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In Search of the Physics of Causation

Does the world work on cause and effect or is this a world of random chaos? This question needs exploration at the universe’s smallest scale, far smaller than that of the atom. We are coming to see the answer is: neither and both!

Long ago, physicists as well as philosophers wrestled with this question. Albert Einstein, whose physics was rooted in philosophy, was wedded to the idea of causation. But he won a Nobel Prize for kick-starting quantum theory with his concept of the photon as the quantum of light. He became unhappy that the theory seemed to say that for a photon there is no causation. Famously, he said, ‘God does not play dice with the universe.’ He insisted there must be a definite reality behind the randomness of quantum theory. Years after he died, multiple experiments showed him to be wrong.

This leaves us to wonder about the reality behind quantum theory. If there is one, it must be a non-definite reality. For philosophy and physics this is the new frontier.

Let’s think of this in terms of size. Readers will recognize there is a smallest size. Physics has known of it for more than a hundred years. It is called the Planck size after Max Planck. Quantum theory deals with vastly larger sizes. For example a proton, the subatomic particle that the Large Hadron Collider smashes, is about a hundred-billion-billion times larger than Planck size. Thus it is not surprising that quantum theory cannot tell us about physics at Planck scale just as a theory of galaxies is not likely to depict the details of atoms.

There are no particles at Planck scale. The far larger particles of matter and energy that make up all we see are made of pure relationships—relationships between quanta of space. Papers by topologist Sundance Bilson-Thompson compare these relationships to half-twists in a ribbon. At that scale these twists do not move, they jump (which resolves long-standing philosophic paradoxes about motion). They can jump from one space quantum to its next-door neighbor. Each jump ‘takes’ one Planck time, which is another very small-scale unit. For example, one ‘tick’ of the clock on the chip that runs the iPhone 6 takes 0.9 billionths of a second. The Planck time is sixteen million-trillion-quadrillion times less than this.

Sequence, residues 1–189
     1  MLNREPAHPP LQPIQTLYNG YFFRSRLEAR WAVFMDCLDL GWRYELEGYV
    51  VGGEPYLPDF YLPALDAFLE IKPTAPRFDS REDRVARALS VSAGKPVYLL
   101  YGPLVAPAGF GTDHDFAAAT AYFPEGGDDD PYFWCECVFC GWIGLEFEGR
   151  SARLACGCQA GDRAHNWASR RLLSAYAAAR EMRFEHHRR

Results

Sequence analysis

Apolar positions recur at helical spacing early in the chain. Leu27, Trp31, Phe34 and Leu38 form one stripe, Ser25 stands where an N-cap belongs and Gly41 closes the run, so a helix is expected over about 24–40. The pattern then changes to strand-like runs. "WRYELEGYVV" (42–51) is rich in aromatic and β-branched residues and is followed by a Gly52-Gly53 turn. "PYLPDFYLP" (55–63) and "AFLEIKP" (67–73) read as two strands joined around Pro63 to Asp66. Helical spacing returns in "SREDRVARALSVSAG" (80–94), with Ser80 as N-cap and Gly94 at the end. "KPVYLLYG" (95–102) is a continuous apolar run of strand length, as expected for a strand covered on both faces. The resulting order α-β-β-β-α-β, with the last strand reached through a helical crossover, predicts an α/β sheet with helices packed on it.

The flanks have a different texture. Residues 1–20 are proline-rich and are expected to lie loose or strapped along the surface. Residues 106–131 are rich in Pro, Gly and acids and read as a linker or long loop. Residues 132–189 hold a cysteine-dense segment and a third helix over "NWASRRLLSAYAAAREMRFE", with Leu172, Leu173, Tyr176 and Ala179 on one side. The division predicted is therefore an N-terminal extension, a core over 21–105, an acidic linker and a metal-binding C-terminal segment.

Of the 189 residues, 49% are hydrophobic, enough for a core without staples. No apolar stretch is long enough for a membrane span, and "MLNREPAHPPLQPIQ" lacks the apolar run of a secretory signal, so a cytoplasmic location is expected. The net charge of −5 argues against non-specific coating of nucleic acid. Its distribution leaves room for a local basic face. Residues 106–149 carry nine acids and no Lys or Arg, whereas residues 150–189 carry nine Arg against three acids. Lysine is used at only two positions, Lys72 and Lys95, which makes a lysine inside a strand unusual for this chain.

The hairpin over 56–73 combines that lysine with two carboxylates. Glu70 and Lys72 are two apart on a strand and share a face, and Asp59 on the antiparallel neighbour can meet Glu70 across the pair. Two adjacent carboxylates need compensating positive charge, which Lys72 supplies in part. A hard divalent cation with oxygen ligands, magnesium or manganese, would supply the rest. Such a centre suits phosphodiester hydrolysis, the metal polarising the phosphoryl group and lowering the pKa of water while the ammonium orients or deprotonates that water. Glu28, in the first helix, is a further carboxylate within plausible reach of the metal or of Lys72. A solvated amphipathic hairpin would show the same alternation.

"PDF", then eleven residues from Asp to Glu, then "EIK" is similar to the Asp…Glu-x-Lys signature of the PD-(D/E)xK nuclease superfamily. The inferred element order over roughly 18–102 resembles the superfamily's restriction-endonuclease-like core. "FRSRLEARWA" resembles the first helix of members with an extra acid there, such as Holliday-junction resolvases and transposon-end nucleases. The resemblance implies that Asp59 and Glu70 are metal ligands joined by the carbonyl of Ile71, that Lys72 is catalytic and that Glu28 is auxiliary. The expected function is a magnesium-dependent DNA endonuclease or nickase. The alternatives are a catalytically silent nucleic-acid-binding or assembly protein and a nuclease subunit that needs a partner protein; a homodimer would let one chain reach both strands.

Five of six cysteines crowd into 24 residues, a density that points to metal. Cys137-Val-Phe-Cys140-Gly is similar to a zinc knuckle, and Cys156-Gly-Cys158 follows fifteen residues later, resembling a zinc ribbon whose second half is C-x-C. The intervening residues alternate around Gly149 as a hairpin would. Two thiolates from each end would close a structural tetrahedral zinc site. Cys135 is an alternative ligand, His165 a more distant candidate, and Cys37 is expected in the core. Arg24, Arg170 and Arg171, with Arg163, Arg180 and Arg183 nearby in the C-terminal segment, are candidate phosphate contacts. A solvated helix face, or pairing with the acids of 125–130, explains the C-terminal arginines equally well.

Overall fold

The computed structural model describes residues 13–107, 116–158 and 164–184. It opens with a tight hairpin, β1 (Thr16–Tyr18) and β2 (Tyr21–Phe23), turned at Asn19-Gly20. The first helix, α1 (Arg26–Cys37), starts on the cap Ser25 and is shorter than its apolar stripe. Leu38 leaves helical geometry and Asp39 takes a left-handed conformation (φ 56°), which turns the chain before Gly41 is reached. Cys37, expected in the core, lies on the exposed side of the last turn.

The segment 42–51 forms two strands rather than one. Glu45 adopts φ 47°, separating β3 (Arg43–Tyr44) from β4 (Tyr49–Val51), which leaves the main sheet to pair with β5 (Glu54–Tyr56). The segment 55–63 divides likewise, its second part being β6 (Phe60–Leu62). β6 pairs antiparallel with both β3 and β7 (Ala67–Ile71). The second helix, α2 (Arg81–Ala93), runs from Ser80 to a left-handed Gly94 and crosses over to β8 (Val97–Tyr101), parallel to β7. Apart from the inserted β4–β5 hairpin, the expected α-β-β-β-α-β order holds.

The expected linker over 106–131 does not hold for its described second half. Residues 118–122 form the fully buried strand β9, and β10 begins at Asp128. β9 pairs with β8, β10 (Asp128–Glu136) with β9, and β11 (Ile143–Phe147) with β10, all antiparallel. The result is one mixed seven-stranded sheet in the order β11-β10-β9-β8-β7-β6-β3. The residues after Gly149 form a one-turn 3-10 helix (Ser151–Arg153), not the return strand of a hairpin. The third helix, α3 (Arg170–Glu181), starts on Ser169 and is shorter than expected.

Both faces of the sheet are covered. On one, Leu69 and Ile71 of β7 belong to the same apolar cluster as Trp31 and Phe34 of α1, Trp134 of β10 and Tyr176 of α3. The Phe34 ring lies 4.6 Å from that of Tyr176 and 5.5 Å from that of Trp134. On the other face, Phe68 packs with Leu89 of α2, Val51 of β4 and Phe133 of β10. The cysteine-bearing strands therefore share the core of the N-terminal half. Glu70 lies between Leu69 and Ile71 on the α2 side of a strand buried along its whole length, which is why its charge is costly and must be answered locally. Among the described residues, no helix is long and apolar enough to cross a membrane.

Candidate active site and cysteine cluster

It seems likely that those space-quanta relationships jump randomly. We don’t yet have a theory of how they hang together or of how they move around. Even a slight tendency to jump in one direction could amount to high speed at our scale. One Planck size per Planck time (or 1 fleck/tock) is the speed of light, the speed, that is, of photons.

Bilson-Thompson says the photon is made of the simplest set of relationships. Maybe when we have a Planck-scale theory we will find this is the reason why those photons motor on. What causes a photon’s motion?

Let’s return to large scale and revisit a famous thought experiment by Einstein. He took a trip along with photons to see Einstein-Thought-Experimentthings from their point of view. This led him to special relativity and the length contraction of a relatively moving object. From a photon’s point of view the whole universe is a moving object. When you step outside and see a distant star special relativity allows you to compute from its photons’ point of view the distance that they travel to your eye. Einstein’s equations tell you that it is exactly zero. So is the time it takes in transit.

Thus the photon’s own story gives itself no extended existence. It is an instant energy transfer from one electron to another at the same location. That transfer of energy can occur only because that electron in an atom in your eye was there to receive it. That is, from the photon’s point of view, both you and the star cause it. Who are we to disagree?

Source: Sundance Bilson-Thompson, “A topological model of composite preons”,

Other reading:

Colin Gillespie (2013), Time One: Discover How the Universe Began, New York: RosettaBooks, p. 357,; “Twist N Shout”,

John Norton (2005), “Chasing a Beam of Light: Einstein’s Most Famous Thought Experiment”,

Image credit:

Nick Wolff (2016),

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